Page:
We have witnessed in recent decades unprecedented global economic growth that is expected to continue — albeit at a more modest rate — as young economies emerge, trade expands, and electronic connectivity bridges social and economic divides. It’s also fair to say that this growth has been and will continue to be largely the result of technology advances — a critical enabler behind any modern economy.

Factors that are Altering Business Operations

Demographic shifts, globalization of markets, changing consumer habits and expectations, as well as fierce competition are also factors that are radically changing how businesses operate in every sector of the economy. At the root of any success in this environment is innovation, a factor that is predominantly defined by technology and talent.

Labour and Skills Gap

And the quest for such talent is accelerating. The Information and Communications Technology Council’s (ICTC) research indicates that by 2018 around 150,000 critical ICT positions will need to be filled in Canada. Many of the skills in demand are the result of recent advancements in technology and services. The growths in mobile adoption, apps, and cloud services, among many others, are now finding their way across many sectors of the Canadian economy. The combined offering of these technologies under the larger umbrella of the Internet of Things (IoT) is also shaping to be a determining factor for talent quest across economies and industries over the next number of years. Analytical and statistical skills that help provide better insights of consumer habits and expectations from big data are in particular forecasted to be ones of significant demand.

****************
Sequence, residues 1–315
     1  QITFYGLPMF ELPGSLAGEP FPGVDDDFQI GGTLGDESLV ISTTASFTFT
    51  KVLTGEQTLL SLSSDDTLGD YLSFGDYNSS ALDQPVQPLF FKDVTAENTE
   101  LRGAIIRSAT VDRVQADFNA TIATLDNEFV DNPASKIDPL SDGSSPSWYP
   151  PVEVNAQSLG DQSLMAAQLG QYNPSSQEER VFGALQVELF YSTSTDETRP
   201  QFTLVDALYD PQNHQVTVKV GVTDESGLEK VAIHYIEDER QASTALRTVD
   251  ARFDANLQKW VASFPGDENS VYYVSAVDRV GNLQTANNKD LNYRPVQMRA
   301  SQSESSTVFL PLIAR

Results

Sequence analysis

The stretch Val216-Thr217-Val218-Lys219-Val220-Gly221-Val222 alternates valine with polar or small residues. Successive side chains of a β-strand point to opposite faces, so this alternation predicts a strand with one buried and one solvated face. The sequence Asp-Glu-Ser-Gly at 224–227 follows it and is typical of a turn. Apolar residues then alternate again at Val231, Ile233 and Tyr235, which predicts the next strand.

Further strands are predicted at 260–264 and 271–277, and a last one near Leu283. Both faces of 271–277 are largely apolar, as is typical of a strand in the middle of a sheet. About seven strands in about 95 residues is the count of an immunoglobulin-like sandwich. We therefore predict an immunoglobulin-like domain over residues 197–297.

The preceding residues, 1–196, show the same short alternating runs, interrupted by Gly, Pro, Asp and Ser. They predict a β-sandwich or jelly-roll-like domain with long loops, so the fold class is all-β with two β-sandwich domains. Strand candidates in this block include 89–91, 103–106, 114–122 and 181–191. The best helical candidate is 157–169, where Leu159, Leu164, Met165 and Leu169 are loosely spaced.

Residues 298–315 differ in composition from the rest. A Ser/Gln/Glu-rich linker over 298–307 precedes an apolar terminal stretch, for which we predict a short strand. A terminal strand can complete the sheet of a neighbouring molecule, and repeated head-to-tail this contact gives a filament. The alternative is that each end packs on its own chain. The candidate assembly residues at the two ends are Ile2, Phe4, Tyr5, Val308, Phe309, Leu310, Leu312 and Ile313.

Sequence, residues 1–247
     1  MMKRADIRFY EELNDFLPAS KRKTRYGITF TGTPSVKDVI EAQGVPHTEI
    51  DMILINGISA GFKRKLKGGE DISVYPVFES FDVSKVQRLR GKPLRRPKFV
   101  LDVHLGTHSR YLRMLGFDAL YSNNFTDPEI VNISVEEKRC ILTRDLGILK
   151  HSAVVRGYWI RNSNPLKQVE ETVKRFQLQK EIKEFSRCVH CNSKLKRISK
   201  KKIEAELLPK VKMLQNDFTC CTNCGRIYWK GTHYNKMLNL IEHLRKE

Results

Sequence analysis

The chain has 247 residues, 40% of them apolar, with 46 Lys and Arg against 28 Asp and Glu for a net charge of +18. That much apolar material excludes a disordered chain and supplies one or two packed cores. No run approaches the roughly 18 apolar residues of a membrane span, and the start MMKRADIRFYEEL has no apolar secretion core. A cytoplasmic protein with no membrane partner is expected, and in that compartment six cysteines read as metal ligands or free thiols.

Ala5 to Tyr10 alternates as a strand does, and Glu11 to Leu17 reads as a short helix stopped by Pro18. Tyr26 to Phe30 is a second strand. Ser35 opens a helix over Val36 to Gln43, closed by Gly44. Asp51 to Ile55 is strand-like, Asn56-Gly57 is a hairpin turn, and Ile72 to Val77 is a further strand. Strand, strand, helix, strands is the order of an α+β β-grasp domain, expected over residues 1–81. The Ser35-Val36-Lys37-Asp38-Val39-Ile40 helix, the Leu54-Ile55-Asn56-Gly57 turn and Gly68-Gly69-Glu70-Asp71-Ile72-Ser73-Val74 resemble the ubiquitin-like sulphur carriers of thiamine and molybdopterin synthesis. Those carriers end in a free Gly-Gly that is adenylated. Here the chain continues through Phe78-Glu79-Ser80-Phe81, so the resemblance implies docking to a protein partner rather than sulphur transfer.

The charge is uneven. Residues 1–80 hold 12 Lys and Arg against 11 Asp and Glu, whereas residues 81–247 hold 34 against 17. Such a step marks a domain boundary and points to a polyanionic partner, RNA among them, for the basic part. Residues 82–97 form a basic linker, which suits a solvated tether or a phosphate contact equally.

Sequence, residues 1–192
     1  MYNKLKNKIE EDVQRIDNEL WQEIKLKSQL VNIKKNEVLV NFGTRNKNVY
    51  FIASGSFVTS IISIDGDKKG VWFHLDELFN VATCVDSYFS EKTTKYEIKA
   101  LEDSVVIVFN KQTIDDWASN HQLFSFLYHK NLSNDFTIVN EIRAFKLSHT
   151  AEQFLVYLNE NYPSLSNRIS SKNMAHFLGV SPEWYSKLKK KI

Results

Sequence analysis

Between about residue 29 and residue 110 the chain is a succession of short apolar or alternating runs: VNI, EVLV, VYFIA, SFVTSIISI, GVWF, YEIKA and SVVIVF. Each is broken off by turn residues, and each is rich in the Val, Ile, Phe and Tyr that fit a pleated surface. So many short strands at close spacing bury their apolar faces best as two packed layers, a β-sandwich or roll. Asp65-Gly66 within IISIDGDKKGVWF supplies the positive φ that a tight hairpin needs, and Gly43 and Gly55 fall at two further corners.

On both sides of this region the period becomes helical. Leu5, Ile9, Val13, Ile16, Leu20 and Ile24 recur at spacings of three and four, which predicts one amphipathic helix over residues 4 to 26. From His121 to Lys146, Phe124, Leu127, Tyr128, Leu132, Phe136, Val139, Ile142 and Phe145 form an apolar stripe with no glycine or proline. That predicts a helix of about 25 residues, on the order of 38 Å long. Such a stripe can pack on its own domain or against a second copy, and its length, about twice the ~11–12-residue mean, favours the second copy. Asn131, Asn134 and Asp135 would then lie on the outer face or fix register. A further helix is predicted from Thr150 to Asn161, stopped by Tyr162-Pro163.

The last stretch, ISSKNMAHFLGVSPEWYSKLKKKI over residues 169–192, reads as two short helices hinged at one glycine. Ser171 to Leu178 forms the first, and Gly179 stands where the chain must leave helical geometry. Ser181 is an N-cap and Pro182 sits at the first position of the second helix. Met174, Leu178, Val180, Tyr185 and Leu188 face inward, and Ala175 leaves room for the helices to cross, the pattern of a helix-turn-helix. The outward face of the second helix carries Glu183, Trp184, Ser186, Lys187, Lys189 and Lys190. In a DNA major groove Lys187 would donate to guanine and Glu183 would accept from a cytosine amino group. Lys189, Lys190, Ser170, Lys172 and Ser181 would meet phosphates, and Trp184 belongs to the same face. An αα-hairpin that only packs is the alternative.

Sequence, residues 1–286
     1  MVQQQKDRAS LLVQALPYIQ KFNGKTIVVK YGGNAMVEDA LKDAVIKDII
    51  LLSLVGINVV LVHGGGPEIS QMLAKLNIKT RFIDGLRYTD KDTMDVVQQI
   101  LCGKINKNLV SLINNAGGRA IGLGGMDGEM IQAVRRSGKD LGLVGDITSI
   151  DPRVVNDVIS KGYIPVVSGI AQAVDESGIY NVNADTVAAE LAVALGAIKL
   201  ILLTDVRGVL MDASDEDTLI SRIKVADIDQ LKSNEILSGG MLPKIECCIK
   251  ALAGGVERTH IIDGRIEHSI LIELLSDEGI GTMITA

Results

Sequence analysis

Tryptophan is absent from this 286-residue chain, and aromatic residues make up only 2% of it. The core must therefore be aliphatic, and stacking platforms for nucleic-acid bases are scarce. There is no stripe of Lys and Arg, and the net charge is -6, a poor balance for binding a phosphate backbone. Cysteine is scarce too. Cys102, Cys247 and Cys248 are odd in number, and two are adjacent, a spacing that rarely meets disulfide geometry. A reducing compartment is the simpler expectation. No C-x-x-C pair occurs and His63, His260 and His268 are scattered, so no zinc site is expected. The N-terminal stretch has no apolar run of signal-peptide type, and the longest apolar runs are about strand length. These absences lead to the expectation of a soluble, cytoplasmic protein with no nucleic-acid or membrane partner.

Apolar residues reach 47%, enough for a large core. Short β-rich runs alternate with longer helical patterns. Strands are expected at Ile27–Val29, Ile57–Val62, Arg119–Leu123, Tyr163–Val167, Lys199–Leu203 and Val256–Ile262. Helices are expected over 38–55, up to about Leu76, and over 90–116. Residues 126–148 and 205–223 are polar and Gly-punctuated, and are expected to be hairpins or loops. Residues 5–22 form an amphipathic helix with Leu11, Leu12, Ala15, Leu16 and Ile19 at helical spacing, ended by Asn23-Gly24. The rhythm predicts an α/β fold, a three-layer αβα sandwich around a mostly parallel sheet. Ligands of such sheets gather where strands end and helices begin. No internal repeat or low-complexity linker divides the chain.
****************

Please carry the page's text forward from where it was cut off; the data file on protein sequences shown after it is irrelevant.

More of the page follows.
This labour and skills gap is not unique to Canada. The European Commission in a recent announcement anticipated a shortfall of around 900,000 ICT positions by 2020.

Managing the Up and Coming ICT Talent

While building a healthy talent supply through education and training is the focus of policy makers around the world, the lead-time to staff critical positions is a challenge for many industries, especially SMEs (small and medium enterprises). Improving the educational system responsiveness to the labour market needs will be paramount, and a key enabler in this environment will be the ability to better forecast the skills needs of the future. Educational institutions that offer industry-targeted and short duration programs will also be critical, before and after graduate school. Apprenticeships and the provision of workplace training can also help both young people and the unemployed to build connectivity with the industry and gain useful work-related skills.

Success in managing the up-and-coming ICT supply and demand market imbalance will depend primarily on our ability as an economy to better forecast the skills of the future, build strong employer bridging programs, and provide ongoing short duration industry up-skilling.  We are in the midst of a very global and competitive economy, positioning our digital talent as a comparative advantage will be key in the coming years.